The Phillips curve shows a trade-off between unemployment and money wages (and hence inflation). Unemployment can be brought down, (by expanding AD), but will result in higher inflation, and vice versa.
A move from point__ A__ to point__ B__ brings lower inflation but higher unemployment. A further move to point C results in negative inflation (prices falling rather than just rising more slowly) and a further rise in unemployment.
Phillips concluded that governments have a dilemma; to choose between keeping inflation low or unemployment low.
Neo-classical economists accept that there can be a short-term trade off between inflation and unemployment, but argue that in the long term, the LRAS is vertical at full employment. They see the trade-off as temporary. The economy will return to full employment anyway, without an increase in AD. The long run effect of the increase in AD will simply be higher prices (higher inflation).
Potential Policy Conflicts and Trade-Offs
Because macroeconomic objectives can conflict with each other, it follows that the policies used to pursue those objectives can also be conflicting, either with objectives or other policies. For example:
Fiscal Policy – If there is concern over the size of the budget deficit or national debt, the government may reduce spending and raise taxes. Portugal, Ireland, Greece and Spain (collectively known as ‘the PIGS’, were obliged to undergo a massive dose of deficit reduction, known as ‘austerity’ after the financial crisis, as a pre-condition for loans from the EU and International Monetary Fund. This caused very big falls in output, increases in unemployment and widening inequality. An expansionary fiscal policy may reduce unemployment and raise growth in the short term, but result in higher inflation and a worsening balance of payments. It may also add to the national debt if higher government spending or lower taxes results in a budget deficit.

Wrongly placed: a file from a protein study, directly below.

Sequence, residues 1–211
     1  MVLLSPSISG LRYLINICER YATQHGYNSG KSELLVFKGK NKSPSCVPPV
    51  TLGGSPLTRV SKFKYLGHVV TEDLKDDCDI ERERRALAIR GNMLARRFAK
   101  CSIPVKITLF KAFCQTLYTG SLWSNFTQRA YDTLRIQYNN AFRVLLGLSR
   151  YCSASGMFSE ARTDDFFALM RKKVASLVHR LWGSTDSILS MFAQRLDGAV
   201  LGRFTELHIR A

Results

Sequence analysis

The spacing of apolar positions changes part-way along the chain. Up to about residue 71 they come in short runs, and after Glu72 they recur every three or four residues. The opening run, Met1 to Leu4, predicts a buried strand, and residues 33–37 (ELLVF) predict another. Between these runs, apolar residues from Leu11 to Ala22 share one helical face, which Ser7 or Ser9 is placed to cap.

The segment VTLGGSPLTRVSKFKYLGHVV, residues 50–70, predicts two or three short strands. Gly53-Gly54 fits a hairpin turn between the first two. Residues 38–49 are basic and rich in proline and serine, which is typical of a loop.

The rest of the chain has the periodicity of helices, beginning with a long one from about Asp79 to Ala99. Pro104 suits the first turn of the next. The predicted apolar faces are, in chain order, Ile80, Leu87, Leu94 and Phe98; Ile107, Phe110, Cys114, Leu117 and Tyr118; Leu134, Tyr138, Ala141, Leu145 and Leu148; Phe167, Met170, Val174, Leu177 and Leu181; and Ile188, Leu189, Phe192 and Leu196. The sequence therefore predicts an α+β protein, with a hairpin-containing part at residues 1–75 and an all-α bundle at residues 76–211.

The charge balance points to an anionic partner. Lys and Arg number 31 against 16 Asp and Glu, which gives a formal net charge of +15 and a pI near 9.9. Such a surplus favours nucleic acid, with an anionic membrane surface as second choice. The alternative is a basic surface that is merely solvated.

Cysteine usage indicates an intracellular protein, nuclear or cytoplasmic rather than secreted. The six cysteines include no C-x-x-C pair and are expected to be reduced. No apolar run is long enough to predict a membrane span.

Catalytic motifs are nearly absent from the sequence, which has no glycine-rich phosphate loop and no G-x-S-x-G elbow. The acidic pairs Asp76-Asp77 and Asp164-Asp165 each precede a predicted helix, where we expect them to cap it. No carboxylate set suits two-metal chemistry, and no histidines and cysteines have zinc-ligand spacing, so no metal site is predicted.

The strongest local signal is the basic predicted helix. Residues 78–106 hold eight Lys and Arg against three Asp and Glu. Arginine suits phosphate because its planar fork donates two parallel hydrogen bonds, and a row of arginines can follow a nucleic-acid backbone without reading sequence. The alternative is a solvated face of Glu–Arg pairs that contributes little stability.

Monetary policy – An expansionary monetary policy can increase short term growth and reduce unemployment, as AD increases, but may lead to faster inflation and a deterioration in the balance of payments. Contractionary monetary policy will have the opposite effect.
Supply-side policies – This may raise the potential output of the economy and increase the long term growth rate. But some supply-side policies increase inequality (i.e. cuts in benefits or tax cuts for high earners and company profits). Policies to boost investment may also cause higher inflation in the short run as investment spending is part of AD.
Environmental policies – As discussed above, measures to improve or protect the environment may involve a trade-off with economic growth, at least in the short to medium term. For instance, carbon taxes raise the cost of production for goods and services and may discourage investment. Planning restrictions may impede the construction of factories or airports. It could be argued however, that environmental measures may stimulate the growth of industries involved in ‘clean technologies’, such as solar power and wind farms and electric vehicles.